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Italy's anti-poverty budget sends markets into frenzy

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FILE PHOTO: Interior Minister Matteo Salvini talks with Italy's Minister of Labor and Industry Luigi Di Maio at the Quirinal palace in Rome, Italy, June 1, 2018. REUTERS/Tony Gentile/File Photo

Italy's new anti-poverty budget sent markets into a frenzy on Friday. The Milan stock exchange plunged four percent, suffering its worst day in two years after the coalition government announced plans to increase the budget deficit to 2.4 percent of GDP, risking conflict with Brussels.


"I do not think that the European Commission can nod and accept the budget as it is," Guntram Wolff, director of Brussels-based think tank, Bruegel, told RFI, after Italy's populist leaders announced plans to increase the budget deficit to 2.4 percent of GDP in the next three years.

The European Commission on Friday responded with a stern warning to the govenrment, a coalition of the far-right League and the anti-establishment Five Star Movement, not to exceed the zone's 3.0 percent limit.

Deputy Prime Minister Luigi Di Maio replied that Rome was not seeking a clash with Brussels and would "pay back the debt".

“There is an accord within the whole government for 2.4 percent, we are satisfied, this is a budget for change,” Di Maio and fellow deputy prime minister Matteo Salvini said in a joint statement.

Yet for Wolff, "the budget of 2.4 percent is an unwise increase in the deficit at the moment, where Italy's growth situation is not so bad and employment creation is actually happening."

Defying Brussels

The budget decision follows weeks of suspense over whether western Europe's first anti-establishment leadership would defy Brussels and uphold their costly electoral promises.

A "citizen's income" was a key campaign promise byFive Star's Di Maio and the League's Salvini.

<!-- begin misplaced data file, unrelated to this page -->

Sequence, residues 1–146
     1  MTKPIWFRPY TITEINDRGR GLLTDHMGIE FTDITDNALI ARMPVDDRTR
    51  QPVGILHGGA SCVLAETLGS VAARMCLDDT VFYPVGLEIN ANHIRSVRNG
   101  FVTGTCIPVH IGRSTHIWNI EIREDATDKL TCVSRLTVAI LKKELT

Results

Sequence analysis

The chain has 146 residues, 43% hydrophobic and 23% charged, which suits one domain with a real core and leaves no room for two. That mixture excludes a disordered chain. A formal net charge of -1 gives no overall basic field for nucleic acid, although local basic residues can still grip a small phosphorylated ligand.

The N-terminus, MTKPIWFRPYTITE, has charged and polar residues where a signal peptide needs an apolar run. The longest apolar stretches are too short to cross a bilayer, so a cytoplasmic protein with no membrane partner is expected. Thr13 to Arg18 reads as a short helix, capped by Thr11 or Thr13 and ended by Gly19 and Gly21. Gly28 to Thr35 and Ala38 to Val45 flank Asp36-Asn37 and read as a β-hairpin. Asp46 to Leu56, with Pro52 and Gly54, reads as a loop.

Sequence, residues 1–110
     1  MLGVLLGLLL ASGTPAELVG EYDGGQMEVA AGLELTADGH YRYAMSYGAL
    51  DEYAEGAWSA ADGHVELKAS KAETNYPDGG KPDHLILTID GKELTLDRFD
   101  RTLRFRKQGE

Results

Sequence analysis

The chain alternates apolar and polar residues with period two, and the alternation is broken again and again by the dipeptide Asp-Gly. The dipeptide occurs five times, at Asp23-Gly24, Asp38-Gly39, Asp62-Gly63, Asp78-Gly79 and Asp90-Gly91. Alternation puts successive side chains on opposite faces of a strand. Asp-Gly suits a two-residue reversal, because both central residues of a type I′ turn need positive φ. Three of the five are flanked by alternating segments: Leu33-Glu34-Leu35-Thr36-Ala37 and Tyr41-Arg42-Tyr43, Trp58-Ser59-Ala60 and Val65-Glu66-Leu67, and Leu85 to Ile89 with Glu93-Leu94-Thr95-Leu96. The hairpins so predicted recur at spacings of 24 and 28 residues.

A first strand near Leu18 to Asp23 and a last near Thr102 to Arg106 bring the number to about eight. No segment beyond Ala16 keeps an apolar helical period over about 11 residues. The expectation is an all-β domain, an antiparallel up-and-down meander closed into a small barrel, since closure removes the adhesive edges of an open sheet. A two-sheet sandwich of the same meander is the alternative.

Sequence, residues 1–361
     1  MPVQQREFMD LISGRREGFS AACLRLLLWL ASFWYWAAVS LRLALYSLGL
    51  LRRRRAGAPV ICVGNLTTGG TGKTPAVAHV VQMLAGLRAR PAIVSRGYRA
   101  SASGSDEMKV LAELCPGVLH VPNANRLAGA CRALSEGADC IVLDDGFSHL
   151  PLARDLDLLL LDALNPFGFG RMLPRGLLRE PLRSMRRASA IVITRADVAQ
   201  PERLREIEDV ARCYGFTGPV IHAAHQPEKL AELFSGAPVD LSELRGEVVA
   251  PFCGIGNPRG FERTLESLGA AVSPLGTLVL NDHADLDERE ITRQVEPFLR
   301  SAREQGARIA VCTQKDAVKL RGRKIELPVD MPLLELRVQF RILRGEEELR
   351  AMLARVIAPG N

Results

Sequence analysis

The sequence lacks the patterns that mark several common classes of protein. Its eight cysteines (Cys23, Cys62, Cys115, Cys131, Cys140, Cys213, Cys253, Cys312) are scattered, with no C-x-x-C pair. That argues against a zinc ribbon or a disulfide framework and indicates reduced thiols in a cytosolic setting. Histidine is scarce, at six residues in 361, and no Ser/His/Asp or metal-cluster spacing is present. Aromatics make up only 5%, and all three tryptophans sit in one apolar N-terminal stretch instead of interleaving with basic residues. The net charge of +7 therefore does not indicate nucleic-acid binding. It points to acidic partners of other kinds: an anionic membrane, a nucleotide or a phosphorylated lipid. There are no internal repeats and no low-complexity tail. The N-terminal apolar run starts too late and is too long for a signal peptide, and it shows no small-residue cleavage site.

The means-tested basic income, which will cost 10bn euros,  will give 6.5 million of the poorest Italians 780 euros per month.

“For the first time in the history of this country we will erase poverty thanks to the basic income,” Di Maio said on Facebook. “We will finally give a future to the 6.5 million people, who until now have lived in poverty and been completely ignored.”

"My concern is that we are going to burn billions of euros in terms of interest rates, in terms of interest paid on our public debt in the next weeks," warns Piercamillo Falasca, member of pro-European party, +Europa.

"They are not implementing measures aimed to push the Italian growth, they are just implementing an electoral set of measures in order to win the next European elections and that is very irresponsible," he told RFI.

Di Maio defended the budget, saying that, for the first time, "the state is giving to the people, not taking away."

The budget contains measures to boost growth, he argued.

Investment doubts

Many investors Friday dumped their Italian shares and government bonds in panic, widening the gap between Italian and German yields.

"Of course; if the spread goes up, this will translate not only in more expenditure in interest rates for the public finances but also in more expenditure for firms and individuals to take loans," says Marco Leonardi, an economics professor at the University of Milan.

He warned that higher spending will hurt tax-payers.

"What the people have not understood yet is that at the end it will be workers and the middle class who will pay," he told RFI.

Wolff claims it will make investment in Italy harder.

"It sends a signal to financial markets that the long-term commitment of the Italian government to debt sustainability is not guaranteed anymore," he said.

Debt burden

The spending splurge will further inflate the country's mammoth debt burden, currently 131 percent of GDP, the biggest in the eurozone after Greece, raising fears of a ticking time-bomb.

"There are some buffers, leeway to manage the situation, but it's also true that if it lasts for long, very quickly we are in a crisis mode," says Wolff.

Rome's debt crisis is not new.

For 20 years governments have tried various measures to increase growth - flexibility packages with Europe, austerity in 2011-2012, then borrowing 30 billion euros from the EU to stay afloat.

"What we can do to solve Italy's problem are not knee-jerk reactions but longstanding policies," inisists economics professor Leonardi.

Right now, the government has the backing of Italians, tired of years of austerity.

"They voted against fiscal compact, European discipline, so they are quite sensitive to this propaganda," comments pro-EU member Falasca.

"They're still living the honeymoon with the government, which is why the government feels strong enough to afford this kind of confrontation with the European Union," he says.